Book blurb (from Good Reads)
In the ruins of a place once known as North America lies the nation of Panem, a shining Capitol surrounded by twelve outlying districts. The Capitol is harsh and cruel and keeps the districts in line by forcing them all to send one boy and one girl between the ages of twelve and eighteen to participate in the annual Hunger Games, a fight to the death on live TV.
Sixteen-year-old Katniss Everdeen, who lives with her mother and younger sister, regards it as a death sentence when she steps forward to take her sister’s place in the Games. But Katniss has been close to dead before—and survival, for her, is second nature. Without really meaning to, she becomes a contender. But if she is to win, she will have to start making choices that will weigh survival against humanity and life against love.
Some books are best savoured slowly, reading a chapter every day on the commute to and from work, pondering all the possible directions the story might take. The Hunger Games is not one of those books. It is a book that needs to be devoured, preferably in one sitting. I started reading it on a Friday night, read late into the evening, woke up and continued reading on Saturday. I was actually annoyed that I had a birthday dinner for me and my dad that night, because all I wanted to do was keep reading. I finished it that Sunday, postponing things like doing the washing and the grocery shopping and writing my Sunday night blog post just so I could reach that final page.
Why is The Hunger Games so addictive? For me, it was the brutal-yet-fascinating plot. Quite frequently, I felt sick with anticipation and concern as I sped through the scenes, wondering how Katniss was going to escape alive. And as the story developed, I became attached to other characters competing in the Games – which just made it even worse. With only one competitor allowed to live, people I cared about were going to die no matter what – it doesn’t get any more gripping than that.
The writing style – first person, present tense – added to the immediacy of the story as you see every horrific event unfold in real time through Katniss’s eyes. You also get to hear her thoughts, which are often very different to the persona she portrays to the watchful cameras of the Capitol. I know a lot of people don’t like present tense, but I love it and felt it suited this story perfectly.
Katniss is one hell of a main character. She epitomises the word ‘heroine’, with her courage, perseverance and resourcefulness. But while I marvelled at her strengths, I was simultaneously shaking my head at her emotional ineptitude. This only served to make her more realistic – we all have flaws, and growing up as a provider and protector in such a brutal world would no doubt take a toll on your emotional capacity.
The Big Brother/reality TV element of this book was another compelling factor. For me, the ‘Games’ were like Survivor crossed with Gladiator – to the death, on live TV. The prospect both sickened and fascinated me, and made me stop and question the direction our world is taking. Already, many of us live a voyeuristic life and sometimes I hear comments about reality TV contestants that make me wonder if the person has forgotten they’re talking about a real human being. I don’t know where the trend towards reality TV will take us, but I truly hope (and thankfully doubt) it isn’t anything close to what’s presented in The Hunger Games.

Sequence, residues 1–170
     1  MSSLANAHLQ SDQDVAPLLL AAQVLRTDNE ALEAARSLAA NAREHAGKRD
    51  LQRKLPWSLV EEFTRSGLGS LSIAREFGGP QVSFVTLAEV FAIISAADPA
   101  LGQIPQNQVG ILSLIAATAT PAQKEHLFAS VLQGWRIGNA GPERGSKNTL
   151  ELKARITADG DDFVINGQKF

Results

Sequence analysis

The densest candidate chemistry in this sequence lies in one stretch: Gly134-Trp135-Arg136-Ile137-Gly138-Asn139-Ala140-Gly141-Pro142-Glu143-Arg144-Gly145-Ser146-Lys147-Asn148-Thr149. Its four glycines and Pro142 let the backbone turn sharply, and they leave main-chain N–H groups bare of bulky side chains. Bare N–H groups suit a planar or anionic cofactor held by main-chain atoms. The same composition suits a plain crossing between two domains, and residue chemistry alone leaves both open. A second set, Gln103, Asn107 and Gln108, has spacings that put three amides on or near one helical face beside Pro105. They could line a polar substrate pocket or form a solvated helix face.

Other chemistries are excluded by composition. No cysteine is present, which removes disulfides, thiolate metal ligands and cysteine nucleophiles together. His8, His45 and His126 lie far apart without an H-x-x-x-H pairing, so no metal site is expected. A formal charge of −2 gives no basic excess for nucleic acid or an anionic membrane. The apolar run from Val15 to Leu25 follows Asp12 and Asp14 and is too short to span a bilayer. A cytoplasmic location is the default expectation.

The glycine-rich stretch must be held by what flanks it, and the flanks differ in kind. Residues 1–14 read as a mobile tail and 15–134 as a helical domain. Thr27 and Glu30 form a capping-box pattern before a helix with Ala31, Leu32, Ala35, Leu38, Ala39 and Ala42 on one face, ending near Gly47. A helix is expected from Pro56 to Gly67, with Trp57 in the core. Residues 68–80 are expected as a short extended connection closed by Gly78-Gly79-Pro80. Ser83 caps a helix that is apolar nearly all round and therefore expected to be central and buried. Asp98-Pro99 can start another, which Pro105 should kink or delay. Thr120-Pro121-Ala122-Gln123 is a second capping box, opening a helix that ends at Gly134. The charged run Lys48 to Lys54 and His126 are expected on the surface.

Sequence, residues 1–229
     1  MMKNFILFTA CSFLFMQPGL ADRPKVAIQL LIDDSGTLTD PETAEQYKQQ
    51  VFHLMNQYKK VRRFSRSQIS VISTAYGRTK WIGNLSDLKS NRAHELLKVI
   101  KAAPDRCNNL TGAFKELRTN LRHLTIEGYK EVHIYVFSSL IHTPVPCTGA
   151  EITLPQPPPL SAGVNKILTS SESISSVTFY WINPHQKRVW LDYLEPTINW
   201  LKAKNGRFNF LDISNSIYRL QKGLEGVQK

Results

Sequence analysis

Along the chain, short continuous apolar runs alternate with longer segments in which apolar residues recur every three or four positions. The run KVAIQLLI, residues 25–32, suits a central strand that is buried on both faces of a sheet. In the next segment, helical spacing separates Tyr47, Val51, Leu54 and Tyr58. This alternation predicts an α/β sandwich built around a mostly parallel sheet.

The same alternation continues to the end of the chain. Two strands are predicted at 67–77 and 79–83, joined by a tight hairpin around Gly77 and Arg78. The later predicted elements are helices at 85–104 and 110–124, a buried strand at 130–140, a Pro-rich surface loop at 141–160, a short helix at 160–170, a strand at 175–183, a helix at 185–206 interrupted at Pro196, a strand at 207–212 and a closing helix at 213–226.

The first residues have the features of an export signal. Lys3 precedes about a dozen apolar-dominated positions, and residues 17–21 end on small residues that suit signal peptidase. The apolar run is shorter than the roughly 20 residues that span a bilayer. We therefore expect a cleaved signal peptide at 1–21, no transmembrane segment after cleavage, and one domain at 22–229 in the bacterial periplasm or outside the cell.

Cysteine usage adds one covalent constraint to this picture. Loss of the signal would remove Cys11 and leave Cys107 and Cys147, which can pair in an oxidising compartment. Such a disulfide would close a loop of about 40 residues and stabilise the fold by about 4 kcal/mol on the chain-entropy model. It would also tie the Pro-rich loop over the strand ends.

Apart from Katniss, the two characters I connected with the most were Peeta (the male competitor from Katniss’s district) and Rue (the youngest contender in the Games). As a baker’s son, Peeta comes from a more privileged background than Katniss. As a result, he doesn’t have the same survival skills as she does, but his best asset is his pure heart. At twelve years old, Rue is easily the most vulnerable competitor but she has a hidden resourcefulness that was fascinating to discover. For fear of spoilers, I’m not going to say any more about either Peeta or Rue except that I truly enjoyed getting to know them.
The only criticisms I have of this book are quite minor. One of the supporting characters, Effie Trinket, came across as two-dimensional throughout the entire book, which is never a good thing. And… I would’ve liked more from the ending. I know, I know – it’s a trilogy. but still, I’d hoped we might’ve received just a little bit more closure at the end of the first book. The main problem with this lack of resolution is I’m now itching to see what happens in books two and three when I already have a pile of books eagerly awaiting my attention (not to mention my own manuscript!).
I have no doubt that I won’t be able to resist the pull of this series for long. I just hope that when I do pick up book two, it’s the first day of a long weekend so I can do nothing but read!
Have you read The Hunger Games? If so, what did you think? If not, do you think you will? Andrew Leon of Strange Pegs commented that he’s only ever heard girls raving about this book (never guys), so if you’re a guy and you’ve read it, I’m particularly interested in hearing your thoughts!
My 1-5 scale
1: Terrible. I couldn’t finish it.
3: Good but not great.
3.5: A solid, enjoyable read but still some elements not working for me.
4: Really enjoyable with very few flaws.
4.5: Unputdownable. Close to perfect. I’ll rave about it to anyone who listens.
5: Perfection (i.e. pretty much unattainable.).